Time:  Spring 1999 
Faculty:  Jorge Gilbert 
Enrolment:  15 students 
Credits:  16 (equivalencies depend on student projects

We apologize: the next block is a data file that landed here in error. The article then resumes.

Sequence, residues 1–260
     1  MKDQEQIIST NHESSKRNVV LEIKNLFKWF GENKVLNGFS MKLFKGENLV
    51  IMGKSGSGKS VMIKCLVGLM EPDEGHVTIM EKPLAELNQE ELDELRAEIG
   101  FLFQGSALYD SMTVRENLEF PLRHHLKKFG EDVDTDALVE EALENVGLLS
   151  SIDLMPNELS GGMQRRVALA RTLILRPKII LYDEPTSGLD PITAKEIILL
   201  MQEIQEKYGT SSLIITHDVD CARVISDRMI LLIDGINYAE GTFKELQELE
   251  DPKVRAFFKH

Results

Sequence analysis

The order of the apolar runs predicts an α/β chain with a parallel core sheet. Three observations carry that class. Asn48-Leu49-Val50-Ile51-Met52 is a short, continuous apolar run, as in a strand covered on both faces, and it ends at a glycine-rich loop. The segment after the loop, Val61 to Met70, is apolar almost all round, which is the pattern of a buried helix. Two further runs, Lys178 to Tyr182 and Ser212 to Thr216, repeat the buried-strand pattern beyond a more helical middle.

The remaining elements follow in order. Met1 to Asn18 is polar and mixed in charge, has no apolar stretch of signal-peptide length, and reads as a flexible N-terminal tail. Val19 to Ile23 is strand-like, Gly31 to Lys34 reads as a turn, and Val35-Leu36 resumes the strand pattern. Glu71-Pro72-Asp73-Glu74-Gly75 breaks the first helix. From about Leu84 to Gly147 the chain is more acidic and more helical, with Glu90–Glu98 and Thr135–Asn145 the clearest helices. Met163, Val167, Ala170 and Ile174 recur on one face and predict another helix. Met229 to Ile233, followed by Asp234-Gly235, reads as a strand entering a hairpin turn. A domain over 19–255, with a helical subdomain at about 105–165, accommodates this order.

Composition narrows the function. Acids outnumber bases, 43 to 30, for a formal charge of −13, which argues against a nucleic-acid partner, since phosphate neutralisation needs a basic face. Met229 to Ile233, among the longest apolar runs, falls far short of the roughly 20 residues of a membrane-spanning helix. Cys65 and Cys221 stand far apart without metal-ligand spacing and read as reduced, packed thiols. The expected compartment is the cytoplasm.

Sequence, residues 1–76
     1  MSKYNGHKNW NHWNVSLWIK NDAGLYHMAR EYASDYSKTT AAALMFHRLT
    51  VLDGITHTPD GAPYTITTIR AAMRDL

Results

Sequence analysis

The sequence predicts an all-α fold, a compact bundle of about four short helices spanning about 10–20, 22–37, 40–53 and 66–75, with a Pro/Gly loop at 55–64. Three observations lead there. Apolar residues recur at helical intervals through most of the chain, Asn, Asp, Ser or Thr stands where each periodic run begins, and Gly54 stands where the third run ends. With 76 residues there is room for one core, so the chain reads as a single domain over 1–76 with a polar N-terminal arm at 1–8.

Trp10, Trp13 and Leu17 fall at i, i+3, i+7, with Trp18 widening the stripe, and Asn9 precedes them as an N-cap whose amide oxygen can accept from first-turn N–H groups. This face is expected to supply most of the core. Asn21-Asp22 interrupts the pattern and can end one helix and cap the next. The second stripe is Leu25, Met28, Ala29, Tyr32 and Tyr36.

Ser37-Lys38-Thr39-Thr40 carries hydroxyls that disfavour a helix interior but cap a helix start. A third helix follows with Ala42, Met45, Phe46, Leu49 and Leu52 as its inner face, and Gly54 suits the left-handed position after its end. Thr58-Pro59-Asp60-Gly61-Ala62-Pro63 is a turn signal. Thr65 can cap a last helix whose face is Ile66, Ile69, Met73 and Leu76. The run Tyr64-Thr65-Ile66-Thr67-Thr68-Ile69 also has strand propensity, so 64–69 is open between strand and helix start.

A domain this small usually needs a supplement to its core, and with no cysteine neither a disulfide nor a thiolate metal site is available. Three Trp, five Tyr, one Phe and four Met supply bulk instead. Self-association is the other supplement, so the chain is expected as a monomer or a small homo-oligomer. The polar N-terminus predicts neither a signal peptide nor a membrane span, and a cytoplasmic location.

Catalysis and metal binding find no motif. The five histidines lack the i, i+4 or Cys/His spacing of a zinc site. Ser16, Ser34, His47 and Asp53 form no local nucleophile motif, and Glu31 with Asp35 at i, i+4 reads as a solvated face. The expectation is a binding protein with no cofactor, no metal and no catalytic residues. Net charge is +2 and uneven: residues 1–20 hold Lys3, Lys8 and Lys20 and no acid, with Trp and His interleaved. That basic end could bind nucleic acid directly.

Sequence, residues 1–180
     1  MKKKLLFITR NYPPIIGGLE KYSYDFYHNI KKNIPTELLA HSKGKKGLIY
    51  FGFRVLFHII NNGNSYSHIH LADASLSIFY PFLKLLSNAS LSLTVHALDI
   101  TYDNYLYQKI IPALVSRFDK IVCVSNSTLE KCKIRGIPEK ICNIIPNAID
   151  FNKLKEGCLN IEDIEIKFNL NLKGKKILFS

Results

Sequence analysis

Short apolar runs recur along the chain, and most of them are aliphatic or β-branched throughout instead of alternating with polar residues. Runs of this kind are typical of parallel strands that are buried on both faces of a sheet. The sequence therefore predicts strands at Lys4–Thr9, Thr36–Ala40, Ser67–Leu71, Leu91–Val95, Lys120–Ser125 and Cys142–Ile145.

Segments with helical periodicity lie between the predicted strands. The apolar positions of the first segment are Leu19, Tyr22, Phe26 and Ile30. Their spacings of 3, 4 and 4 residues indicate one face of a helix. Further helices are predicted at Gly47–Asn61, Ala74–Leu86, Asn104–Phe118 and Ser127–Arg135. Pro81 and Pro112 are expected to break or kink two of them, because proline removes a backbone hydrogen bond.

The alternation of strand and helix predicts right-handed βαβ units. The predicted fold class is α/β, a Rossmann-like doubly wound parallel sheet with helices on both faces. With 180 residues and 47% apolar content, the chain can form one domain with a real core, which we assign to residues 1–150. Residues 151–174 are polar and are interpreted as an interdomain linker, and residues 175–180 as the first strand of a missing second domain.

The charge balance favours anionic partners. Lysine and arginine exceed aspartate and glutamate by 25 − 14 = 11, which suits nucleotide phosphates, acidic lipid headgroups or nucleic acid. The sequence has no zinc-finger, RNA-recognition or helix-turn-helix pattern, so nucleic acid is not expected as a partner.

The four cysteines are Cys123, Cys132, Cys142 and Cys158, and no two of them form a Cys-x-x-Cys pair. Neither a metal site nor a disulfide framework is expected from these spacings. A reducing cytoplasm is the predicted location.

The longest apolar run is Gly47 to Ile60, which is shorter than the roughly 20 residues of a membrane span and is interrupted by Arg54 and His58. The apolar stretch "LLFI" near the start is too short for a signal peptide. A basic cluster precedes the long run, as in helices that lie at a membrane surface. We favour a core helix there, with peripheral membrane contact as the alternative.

Despite the fact that a large segment of Chile's population is of European extraction, the indigenous traditions from the Americas are strong and visible in several parts of the country. The desert north, once part of the Inca Empire, preserves important archeological remains, while Aymara Indians still farm the valleys and terraces of the Andes. South of the Chilean heartland, the Mapuche Indians inhabit communities whose symbolic importance in Chilean life greatly exceeds their political and economic significance. Until the end of the 19th century, the Mapuche maintained an effective and heroic resistance to the southward advance of Chilean rule and its expansionist goals. Cities like Temuco and Osorno are the home of most of this native population. Chile's tremendous geographic diversity, and surprising cultural variety, have made it an important destination in its own right.